Dana Sheets wrote:(Tony - PM for you.)
You also really have to work on the flexibility of your ankle to be able to extend a kick with the toes pulled back.
You should try doing push-ups on the sokusen some time. It feels ridiculous at first, but you can get used to it pretty quickly (if you have a half-decent sokusen). Doing them at that angle (ankle flexed 90 degrees) conditions you for doing roundhouse sokusens. Because of that one exercise, I now do roundhouse sokusens a lot easier than I do front kick sokusens.
Dana Sheets wrote:Tony in your experience it sounds like you've been more successful with driving kicks than snapping kicks. Any idea why?
Dana wrote:I'm curious as to how many people tuck the toes back for a classical sokusen and how many keep the toes flat to kick?
Dana wrote:Many styles kick with straight toes. Uechi (as far as I know) is unique in that we pull the toes back to kick. Takes a long long time to be able to kick this way effectively especially under stress.
A group of foot reflexes allied to the palmar grasp were described by a number of authors from the 1930s onwards. Brain and Curran described the grasp reflex of the foot,9 Goldstein the tonic foot response,10 and Seyyfarth and Denny-Brown the grasp reflex of the toes.4 Although there are subtle variations in the responses described, all these authors conclude that stimulating the sole of the foot (particularly over the metatarsophalangeal joints using a distally moving object) leads to flexion and adduction movements of the toes, and that while the reflex is distinct from the Babinski response, the two reflexes may appear concurrently. As with the palmar grasp, this response is seen in infants, may reappear consequent to damage to the frontal lobe or its efferent connections, and may be particularly frequent with contralateral, medial frontal lobe damage.11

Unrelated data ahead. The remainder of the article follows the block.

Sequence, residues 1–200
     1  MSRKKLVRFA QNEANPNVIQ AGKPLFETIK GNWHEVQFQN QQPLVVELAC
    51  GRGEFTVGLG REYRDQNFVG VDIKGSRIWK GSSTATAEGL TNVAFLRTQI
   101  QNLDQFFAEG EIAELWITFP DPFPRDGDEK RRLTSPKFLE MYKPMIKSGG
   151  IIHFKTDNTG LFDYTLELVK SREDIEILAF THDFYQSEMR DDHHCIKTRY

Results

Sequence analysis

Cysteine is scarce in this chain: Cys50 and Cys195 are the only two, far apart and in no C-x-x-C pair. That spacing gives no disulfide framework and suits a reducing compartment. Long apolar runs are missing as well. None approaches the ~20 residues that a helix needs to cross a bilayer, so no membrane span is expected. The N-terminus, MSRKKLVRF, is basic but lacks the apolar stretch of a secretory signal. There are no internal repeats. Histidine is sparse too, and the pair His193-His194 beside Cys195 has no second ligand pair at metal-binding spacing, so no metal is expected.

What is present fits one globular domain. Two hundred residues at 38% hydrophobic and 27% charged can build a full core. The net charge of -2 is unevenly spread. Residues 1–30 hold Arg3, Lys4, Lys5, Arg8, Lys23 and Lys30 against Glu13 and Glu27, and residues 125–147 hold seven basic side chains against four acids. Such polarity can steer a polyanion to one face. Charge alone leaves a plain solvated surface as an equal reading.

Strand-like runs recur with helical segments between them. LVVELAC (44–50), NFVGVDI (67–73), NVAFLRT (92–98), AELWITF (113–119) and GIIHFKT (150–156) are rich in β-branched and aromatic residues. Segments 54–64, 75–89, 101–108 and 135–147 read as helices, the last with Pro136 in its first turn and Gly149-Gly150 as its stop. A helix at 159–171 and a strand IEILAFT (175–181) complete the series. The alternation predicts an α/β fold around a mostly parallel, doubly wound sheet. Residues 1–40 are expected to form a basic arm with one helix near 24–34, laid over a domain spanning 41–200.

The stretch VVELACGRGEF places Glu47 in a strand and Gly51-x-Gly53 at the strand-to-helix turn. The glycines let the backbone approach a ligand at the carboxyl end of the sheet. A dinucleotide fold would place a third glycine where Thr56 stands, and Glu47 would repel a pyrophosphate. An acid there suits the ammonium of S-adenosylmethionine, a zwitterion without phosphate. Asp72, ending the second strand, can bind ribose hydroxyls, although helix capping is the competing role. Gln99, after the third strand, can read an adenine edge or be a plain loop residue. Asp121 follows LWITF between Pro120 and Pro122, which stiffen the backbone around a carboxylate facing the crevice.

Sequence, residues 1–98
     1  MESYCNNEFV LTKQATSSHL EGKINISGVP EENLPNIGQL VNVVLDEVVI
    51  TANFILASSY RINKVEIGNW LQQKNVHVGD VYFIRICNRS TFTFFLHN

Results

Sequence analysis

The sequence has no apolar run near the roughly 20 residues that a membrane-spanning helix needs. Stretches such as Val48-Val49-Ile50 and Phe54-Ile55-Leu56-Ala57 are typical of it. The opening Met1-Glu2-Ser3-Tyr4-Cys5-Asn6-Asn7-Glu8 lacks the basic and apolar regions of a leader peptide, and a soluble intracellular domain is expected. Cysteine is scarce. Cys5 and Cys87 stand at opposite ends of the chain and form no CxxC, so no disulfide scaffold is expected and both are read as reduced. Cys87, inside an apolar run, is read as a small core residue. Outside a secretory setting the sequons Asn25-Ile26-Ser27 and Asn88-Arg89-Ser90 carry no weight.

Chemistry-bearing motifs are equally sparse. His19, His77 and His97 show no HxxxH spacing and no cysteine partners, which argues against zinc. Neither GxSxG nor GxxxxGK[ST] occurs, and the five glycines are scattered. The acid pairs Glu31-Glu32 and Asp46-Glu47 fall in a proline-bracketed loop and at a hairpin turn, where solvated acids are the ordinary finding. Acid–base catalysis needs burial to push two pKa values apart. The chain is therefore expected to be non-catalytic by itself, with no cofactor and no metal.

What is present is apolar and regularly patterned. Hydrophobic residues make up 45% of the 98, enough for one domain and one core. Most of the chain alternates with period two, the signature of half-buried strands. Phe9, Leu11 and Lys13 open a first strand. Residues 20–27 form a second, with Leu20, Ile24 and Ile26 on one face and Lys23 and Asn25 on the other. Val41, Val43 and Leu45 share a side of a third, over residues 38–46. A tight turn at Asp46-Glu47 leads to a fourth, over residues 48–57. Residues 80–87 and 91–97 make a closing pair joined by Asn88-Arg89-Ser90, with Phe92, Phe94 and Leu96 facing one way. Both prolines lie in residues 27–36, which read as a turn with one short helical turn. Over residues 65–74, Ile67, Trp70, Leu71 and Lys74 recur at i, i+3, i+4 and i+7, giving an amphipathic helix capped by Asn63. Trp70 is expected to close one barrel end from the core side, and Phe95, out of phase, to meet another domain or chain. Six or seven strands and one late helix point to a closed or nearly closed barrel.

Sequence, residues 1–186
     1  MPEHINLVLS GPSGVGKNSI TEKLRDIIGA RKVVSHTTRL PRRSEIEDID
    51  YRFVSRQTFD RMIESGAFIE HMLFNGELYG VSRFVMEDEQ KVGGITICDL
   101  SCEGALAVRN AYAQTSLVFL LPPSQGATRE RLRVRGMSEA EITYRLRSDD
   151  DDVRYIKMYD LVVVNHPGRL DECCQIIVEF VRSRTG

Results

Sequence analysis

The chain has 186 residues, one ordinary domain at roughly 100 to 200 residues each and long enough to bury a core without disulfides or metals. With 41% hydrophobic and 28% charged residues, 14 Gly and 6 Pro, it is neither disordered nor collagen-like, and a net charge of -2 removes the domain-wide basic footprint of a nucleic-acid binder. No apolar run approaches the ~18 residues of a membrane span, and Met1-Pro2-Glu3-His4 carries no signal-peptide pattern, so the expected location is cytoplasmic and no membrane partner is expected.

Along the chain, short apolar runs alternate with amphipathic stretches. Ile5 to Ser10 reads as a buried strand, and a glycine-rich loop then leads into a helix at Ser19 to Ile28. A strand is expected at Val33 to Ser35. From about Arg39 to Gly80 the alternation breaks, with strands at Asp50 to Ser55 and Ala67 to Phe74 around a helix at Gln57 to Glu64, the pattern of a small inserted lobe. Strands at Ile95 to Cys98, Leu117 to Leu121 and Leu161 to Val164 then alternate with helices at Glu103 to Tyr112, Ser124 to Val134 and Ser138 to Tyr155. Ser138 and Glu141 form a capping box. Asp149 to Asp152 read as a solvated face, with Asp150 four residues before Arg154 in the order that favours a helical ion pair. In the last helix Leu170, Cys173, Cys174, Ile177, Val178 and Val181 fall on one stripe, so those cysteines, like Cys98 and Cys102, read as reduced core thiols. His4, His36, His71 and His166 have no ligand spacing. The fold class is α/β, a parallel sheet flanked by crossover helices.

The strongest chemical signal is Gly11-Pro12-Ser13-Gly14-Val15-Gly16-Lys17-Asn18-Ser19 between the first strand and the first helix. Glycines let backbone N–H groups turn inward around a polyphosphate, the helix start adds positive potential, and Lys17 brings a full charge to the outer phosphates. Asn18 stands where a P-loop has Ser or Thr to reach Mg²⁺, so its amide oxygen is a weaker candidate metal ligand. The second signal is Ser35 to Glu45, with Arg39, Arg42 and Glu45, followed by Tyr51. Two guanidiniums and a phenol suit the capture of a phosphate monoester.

It has long been recognised that both these reflexes are present in newborn infants, disappear during normal development, and may reappear in disease states, suggesting that these responses are suppressed but not lost during maturation.
Bill Glasheen wrote:Like that most unusual Wing Chun vertical fist punch with the radial wrist deviation at the end, you have to train it and perfect it to appreciate it.
Boxer's fractures occur in the metacarpal bones that connect the ring finger or the little finger to the wrist. These are known as the fourth and fifth metacarpal bones.
Jim wrote:Want a pointy thing? Then try a smashing heel kick while wearing pumps..
While first degree assault typically involves the use of a firearm
or other deadly weapon, the absence of such a weapon does not preclude
the State from charging a defendant with first degree assault.
The evidence showed that all of the above occurred with such violent
force as to cause permanent brain damage. Clearly a rational trier of
fact could find that Pierre used force or means likely to produce great
bodily harm when he repeatedly kicked at the victim's head as though it
was a ball, and caused severe and permanent brain damage.
Bill Glasheen wrote:I could easily argue all day long against the WCQ-style punch, Jim. Ask any doctor what part of the hand is most readily fractured, and he'll be pointing to the bones that receive the greatest force from a WCQ punch.
It's all in the execution.
Bill Glasheen wrote:The problem you have, Jim, is in presuming how a shoken, hiraken, boshiken, or sokusen are used. If I use a wrench as a hammer, I'm likely to break the wrench. But if I try to take a nut off with a hammer or pair of plyers, I'm not likely to appreciate the results.
Bill Glasheen wrote:Don't think boxing. Stop thinking about sparring These are not boxing tools. They gouge, poke, and grab.
Bill Glasheen wrote:From your reference frame, Jim, you see Wing Chun. Keep thinking Wing Chun when you train your style.
But there are other ways...
No presumption here except what I consider a realistic assessment of how any striking tool is likely to be used in a SD situation by an American karateka
Jim wrote:Styles should and must change to adapt with a changing world. How has Uechi adapted, updated or changed since it was originally changed for purposes of Japanification?
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